A Catholic Reads the Bible, Week 16: Praying for the Wisdom of Solomon
CNN/Stylemagazine.com Newswire | 7/21/2015, 5:48 p.m.
By Laura Bernardini
(CNN) -- This is week 16 of an ongoing series: A Catholic Reads the Bible. Read Week One, Week Two and Week Three.
Oh, Solomon. I really like you.
In the first book of Kings, you have done everything "right" -- with one glaringly human exception.
Solomon became king when his mom, Bathsheba, insisted that David had promised the crown to her son. He was then offered whatever he wanted by a grateful God. (Think genie in a bottle, biblical-style.)
Rather than asking for a long reign or riches, Solomon instead ask for something we all need -- wisdom. This really endeared him to me.
"Give your servant, therefore, an understanding of heart to judge your people and to distinguish right from wrong," Solomon ask.
And Solomon seems to have a good reign of 40 years, but he ruins it all in the end.
Solomon took 700 wives and 300 concubines (1,000 is a nice round number) from foreign lands and started following their gods and leaving the one true God behind. I could have told him that he was going to get catch hell from God.
But, back to the most important part of this week's reading, the request of wisdom.
I have to tell you, my nightly prayers have been filled with lots of wishes throughout my life.
I prayed a lot when my Dad was ill. I never promised something to God if he granted my father's health like Jephthah in Judges. I didn't pray that my Dad would have the patience or the understanding to get through this illness. I just wanted him healthy.
When my Dad passed away, I prayed for my own pain to cease.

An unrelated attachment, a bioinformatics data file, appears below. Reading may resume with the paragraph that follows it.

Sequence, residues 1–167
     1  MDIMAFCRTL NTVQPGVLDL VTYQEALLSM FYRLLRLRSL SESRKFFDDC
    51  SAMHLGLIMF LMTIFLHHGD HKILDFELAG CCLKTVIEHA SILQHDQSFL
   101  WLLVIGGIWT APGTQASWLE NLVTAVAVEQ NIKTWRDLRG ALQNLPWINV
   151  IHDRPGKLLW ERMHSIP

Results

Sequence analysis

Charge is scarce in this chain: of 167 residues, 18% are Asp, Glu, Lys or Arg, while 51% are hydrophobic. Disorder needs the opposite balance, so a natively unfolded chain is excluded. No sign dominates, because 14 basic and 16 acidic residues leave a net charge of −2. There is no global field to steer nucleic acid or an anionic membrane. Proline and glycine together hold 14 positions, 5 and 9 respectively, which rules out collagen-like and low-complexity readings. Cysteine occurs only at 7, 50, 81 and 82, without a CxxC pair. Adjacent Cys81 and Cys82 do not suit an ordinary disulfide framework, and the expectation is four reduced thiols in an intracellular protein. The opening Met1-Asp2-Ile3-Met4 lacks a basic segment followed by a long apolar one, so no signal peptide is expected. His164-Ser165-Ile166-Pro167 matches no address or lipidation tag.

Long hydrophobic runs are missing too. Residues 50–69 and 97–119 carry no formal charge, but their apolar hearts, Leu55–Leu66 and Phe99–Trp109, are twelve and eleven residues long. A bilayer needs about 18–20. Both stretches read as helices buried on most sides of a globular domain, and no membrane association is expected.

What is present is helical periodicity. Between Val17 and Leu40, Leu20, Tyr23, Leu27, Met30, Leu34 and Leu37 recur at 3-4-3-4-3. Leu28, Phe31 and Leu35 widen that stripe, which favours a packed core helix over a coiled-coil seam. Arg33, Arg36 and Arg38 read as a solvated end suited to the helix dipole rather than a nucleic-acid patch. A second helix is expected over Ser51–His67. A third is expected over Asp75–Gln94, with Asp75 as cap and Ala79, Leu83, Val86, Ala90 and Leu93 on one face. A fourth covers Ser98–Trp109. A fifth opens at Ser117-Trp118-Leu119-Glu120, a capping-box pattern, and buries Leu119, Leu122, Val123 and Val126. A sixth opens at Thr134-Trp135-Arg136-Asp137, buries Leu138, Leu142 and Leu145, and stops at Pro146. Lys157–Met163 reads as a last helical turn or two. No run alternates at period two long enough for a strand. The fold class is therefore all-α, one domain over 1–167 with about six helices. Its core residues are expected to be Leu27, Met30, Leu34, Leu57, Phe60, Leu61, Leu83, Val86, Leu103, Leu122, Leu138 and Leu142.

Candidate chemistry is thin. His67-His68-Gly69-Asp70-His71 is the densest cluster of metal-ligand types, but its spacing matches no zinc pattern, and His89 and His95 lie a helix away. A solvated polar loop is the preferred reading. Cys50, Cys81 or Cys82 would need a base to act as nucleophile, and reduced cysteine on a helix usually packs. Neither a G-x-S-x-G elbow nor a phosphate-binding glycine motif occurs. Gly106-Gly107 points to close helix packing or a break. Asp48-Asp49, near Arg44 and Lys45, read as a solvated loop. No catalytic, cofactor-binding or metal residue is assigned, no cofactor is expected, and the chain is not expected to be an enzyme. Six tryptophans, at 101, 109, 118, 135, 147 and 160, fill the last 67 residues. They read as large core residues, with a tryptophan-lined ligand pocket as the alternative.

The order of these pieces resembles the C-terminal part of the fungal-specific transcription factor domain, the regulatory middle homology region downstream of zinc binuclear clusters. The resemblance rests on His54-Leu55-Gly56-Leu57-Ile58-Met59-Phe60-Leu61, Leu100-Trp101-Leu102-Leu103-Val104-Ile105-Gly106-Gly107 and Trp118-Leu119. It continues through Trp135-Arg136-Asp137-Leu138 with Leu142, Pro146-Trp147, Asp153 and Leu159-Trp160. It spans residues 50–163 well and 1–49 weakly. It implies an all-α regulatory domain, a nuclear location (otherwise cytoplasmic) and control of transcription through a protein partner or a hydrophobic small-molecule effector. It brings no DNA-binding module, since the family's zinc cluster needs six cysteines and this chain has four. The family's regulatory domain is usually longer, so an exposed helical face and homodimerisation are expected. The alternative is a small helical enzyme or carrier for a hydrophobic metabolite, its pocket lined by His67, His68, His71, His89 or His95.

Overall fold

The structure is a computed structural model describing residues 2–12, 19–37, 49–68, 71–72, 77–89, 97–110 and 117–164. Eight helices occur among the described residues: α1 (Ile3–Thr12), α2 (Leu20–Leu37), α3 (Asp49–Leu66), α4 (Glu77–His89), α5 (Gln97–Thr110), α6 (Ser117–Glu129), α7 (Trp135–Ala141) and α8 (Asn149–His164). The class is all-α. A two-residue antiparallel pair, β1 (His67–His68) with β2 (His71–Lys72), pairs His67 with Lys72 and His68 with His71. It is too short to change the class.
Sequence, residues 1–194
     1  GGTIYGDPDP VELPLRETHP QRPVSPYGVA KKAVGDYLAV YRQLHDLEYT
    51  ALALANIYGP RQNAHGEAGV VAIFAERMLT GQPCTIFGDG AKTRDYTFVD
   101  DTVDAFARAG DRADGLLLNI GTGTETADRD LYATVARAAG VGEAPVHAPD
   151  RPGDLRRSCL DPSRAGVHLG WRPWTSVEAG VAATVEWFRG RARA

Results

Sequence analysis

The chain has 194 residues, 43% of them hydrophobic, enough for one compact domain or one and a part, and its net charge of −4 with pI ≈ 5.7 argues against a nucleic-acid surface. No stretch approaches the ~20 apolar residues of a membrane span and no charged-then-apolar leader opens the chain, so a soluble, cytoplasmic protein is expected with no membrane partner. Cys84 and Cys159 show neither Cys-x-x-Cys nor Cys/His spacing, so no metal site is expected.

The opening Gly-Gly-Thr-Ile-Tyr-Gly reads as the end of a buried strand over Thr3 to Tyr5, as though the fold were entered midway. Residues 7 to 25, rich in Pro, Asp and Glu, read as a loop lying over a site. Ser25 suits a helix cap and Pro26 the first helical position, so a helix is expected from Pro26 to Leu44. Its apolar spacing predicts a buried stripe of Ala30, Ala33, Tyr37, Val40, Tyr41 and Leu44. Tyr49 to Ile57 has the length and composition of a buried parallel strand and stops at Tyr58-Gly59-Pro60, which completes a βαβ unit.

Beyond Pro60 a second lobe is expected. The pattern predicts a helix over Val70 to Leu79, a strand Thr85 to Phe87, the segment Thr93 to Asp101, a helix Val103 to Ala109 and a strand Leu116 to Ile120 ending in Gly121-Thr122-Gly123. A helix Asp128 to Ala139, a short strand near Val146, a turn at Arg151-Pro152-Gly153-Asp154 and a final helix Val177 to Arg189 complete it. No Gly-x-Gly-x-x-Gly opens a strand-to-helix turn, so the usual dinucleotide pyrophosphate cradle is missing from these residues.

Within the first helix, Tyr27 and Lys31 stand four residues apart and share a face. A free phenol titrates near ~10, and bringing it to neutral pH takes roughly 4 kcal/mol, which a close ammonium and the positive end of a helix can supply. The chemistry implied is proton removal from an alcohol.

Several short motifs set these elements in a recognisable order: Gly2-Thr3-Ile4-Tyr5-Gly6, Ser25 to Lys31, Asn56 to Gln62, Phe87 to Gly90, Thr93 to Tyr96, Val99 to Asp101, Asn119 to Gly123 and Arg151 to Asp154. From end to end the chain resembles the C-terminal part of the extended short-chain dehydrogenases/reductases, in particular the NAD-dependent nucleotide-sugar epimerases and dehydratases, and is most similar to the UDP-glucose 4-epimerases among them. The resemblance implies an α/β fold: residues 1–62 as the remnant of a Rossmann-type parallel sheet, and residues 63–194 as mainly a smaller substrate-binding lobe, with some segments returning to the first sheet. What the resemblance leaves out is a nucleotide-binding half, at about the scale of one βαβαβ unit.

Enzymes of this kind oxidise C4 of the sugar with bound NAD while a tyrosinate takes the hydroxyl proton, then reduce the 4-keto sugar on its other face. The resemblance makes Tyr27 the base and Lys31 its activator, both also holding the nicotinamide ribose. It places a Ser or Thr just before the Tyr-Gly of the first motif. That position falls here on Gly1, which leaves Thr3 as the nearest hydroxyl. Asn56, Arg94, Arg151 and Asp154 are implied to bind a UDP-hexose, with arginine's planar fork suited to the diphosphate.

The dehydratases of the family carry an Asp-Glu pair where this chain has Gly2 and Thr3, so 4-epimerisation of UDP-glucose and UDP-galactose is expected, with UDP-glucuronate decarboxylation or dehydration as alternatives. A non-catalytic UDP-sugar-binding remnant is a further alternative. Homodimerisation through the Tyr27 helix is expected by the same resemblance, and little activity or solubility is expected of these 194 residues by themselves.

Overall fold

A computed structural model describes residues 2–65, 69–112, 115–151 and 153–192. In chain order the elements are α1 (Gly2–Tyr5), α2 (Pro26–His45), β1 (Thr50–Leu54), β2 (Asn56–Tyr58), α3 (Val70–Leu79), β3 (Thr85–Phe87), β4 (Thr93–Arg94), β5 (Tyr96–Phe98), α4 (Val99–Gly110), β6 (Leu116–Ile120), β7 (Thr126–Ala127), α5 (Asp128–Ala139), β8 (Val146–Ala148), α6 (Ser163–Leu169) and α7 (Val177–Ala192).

Recently, I've prayed for a way to lose weight. I don't think God hangs around watching me eat cake or stops me from doing it. But through this simple passage in Chapter 3 of the first Book of Kings, I saw that prayer needs to be focused on understanding, not results.
It's a moving target that takes more prayer and meditation. The more you focus on it, I bet it gets easier. (At least, I really hope so.)
After God visits Solomon in his dream, the story of the two women with the baby is told, one of my favorite examples of Solomon's wisdom.
Two mothers are fighting over a child. Each says the child is hers -- but both can't be right. So, in this pre-Maury Povich, pre-paternity test age, Solomon makes a striking decision: He tells the women that he will cut the child in half so they can share it.
It's absurd but brilliant, for, as Solomon surely knew, the true mother would never agree to such a idea. So when one woman agrees, Solomon gives the baby to the other one, who is obviously the true mother.
That was Solomon's use of God's wisdom. The rest of us can all only hope -- or pray -- to be so smart.
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